Immigration Law Clinic Students Aid Immigrant Workers in Mississippi
Immigration Law Clinic students Emily Wilson, '13, Stephanie Platenkamp, '14, Anita Mukherji, '14, and Nienke Schouten, '14 spent several days in Mississippi last week offering free legal aid to immigrant workers.
In response to a call from the National Employment Law Project (NELP), the Clinic accepted five cases of poultry workers seeking immigration relief. The workers allegedly were subjected to abusive working conditions, felonious assault, and extortion in their workplace in Morton, Mississippi. Students travelled there to meet with clients, finalize their U Visa applications, and review applications and declarations.
The students spent hours each day interviewing workers and documenting their stories of endurance in a low-wage workplace environment. The opportunity was part of a collaboration between the NELP, law schools, and pro bono providers to offer legal services to an extremely under-served rural Latino community. The students were able to use lawyering skills acquired in law school to interview and counsel several workers and their families. "I speak for all us when I say it was the highlight of our year," said Stephanie Platenkamp. "We heard stories of workers who endured abuse and at the same time lived in fear of retaliation if they spoke up in the workplace."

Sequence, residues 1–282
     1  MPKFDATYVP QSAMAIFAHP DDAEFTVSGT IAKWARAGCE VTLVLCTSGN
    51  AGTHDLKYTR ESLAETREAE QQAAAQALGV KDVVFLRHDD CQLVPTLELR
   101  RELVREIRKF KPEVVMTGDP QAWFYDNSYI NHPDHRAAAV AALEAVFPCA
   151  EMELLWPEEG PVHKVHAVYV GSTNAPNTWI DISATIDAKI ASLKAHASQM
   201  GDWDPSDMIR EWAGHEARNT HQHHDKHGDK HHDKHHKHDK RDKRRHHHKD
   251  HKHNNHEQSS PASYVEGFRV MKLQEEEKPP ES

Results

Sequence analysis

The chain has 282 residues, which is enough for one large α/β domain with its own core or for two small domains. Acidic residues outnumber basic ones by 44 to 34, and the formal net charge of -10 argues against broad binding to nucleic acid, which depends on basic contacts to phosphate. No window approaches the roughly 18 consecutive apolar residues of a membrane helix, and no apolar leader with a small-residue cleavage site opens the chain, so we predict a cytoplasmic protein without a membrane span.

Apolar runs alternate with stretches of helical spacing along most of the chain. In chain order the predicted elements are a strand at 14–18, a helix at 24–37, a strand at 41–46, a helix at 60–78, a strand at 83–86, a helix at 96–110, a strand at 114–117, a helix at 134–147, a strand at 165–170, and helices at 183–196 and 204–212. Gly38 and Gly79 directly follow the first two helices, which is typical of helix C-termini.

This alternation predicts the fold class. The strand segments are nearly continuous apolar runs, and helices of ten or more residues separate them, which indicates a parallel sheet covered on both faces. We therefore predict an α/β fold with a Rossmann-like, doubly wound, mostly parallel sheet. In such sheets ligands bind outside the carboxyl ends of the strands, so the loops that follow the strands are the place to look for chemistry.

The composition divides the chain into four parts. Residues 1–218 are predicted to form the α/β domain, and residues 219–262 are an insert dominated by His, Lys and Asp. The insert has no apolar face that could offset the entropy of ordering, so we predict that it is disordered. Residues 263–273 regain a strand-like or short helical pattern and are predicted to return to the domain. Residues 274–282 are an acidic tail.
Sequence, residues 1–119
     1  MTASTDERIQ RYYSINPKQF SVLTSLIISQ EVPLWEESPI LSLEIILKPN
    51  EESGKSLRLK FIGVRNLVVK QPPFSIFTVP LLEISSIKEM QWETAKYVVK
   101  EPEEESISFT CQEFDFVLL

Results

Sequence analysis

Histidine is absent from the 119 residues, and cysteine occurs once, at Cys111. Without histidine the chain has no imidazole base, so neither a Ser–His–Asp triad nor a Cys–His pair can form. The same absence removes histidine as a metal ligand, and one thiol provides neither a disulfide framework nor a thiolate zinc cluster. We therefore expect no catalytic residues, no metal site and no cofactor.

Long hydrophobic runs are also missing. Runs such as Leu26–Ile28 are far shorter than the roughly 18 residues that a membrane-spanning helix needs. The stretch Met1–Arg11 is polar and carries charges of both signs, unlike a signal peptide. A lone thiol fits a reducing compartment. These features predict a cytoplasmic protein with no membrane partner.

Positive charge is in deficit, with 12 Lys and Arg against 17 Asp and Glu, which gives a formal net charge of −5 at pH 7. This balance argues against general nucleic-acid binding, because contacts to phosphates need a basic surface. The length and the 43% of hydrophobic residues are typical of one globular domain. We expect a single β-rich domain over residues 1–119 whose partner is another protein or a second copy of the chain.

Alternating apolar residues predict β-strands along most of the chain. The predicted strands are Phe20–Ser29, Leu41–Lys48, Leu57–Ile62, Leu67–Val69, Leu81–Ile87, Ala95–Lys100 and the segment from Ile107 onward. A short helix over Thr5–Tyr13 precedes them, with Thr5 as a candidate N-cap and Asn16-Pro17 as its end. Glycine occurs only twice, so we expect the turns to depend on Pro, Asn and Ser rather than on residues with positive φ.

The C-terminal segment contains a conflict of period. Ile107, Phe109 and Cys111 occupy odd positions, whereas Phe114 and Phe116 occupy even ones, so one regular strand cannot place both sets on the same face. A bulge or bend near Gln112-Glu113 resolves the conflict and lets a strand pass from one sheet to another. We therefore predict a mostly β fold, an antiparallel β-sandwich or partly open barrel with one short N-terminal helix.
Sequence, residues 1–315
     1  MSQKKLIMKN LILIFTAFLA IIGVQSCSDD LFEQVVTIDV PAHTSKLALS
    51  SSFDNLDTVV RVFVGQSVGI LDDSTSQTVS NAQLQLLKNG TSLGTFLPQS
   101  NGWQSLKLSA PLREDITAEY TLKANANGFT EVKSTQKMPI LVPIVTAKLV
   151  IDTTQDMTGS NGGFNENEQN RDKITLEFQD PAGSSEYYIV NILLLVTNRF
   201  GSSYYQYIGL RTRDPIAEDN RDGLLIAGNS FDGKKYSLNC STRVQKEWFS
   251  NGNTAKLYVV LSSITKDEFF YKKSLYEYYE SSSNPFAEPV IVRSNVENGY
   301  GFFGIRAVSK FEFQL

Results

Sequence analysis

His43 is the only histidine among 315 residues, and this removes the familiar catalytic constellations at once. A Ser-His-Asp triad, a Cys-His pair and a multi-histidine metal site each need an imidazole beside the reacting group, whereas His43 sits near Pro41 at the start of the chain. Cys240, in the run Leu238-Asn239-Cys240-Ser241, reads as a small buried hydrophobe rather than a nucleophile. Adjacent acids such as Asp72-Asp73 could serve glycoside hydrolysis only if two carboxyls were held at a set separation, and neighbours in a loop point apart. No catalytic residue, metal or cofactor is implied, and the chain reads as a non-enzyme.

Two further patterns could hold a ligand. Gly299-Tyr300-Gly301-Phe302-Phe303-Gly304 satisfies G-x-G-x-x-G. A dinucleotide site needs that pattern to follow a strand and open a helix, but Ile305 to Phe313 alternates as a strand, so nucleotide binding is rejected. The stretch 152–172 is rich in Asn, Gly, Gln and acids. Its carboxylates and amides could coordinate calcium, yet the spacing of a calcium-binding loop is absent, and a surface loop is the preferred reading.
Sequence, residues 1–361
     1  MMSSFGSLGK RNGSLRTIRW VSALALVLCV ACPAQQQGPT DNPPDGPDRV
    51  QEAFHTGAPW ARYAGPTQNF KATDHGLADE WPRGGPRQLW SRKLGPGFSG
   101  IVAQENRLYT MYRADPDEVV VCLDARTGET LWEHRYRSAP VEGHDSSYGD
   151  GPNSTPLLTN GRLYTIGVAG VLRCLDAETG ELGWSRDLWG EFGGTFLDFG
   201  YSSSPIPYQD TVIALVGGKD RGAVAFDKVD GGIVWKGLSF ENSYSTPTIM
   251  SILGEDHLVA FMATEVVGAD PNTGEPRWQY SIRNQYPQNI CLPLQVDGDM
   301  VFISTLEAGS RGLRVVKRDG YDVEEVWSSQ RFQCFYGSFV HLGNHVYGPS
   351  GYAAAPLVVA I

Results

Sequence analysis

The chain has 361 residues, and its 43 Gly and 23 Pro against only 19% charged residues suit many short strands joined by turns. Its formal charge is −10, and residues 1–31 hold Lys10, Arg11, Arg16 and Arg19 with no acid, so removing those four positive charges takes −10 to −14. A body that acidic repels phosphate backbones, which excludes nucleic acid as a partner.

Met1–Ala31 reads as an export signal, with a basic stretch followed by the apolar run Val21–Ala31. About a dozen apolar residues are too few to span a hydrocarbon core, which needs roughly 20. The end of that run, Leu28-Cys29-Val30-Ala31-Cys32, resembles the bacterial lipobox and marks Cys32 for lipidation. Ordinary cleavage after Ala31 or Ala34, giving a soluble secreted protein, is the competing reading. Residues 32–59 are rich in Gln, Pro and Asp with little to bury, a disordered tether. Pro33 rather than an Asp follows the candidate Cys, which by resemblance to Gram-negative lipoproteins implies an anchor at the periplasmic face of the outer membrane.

"The low-wage workers we met with are vulnerable and people take advantage. People take advantage so much that it almost seems like a normal part of everyone' life, even though I could not imagine living with a work environment like this," said Emily Wilson.
"This trip was fun," she said. "But by fun, I mean it made and impact; it was worth something. We took steps forward in hope that these folks don't have to look back."
Professor Leticia Saucedo who accompanied the group said, "I'm proud of my students. They were lawyers in the real sense, showing respect and empathy, and allowing these workers to feel dignified for coming forward to tell their stories."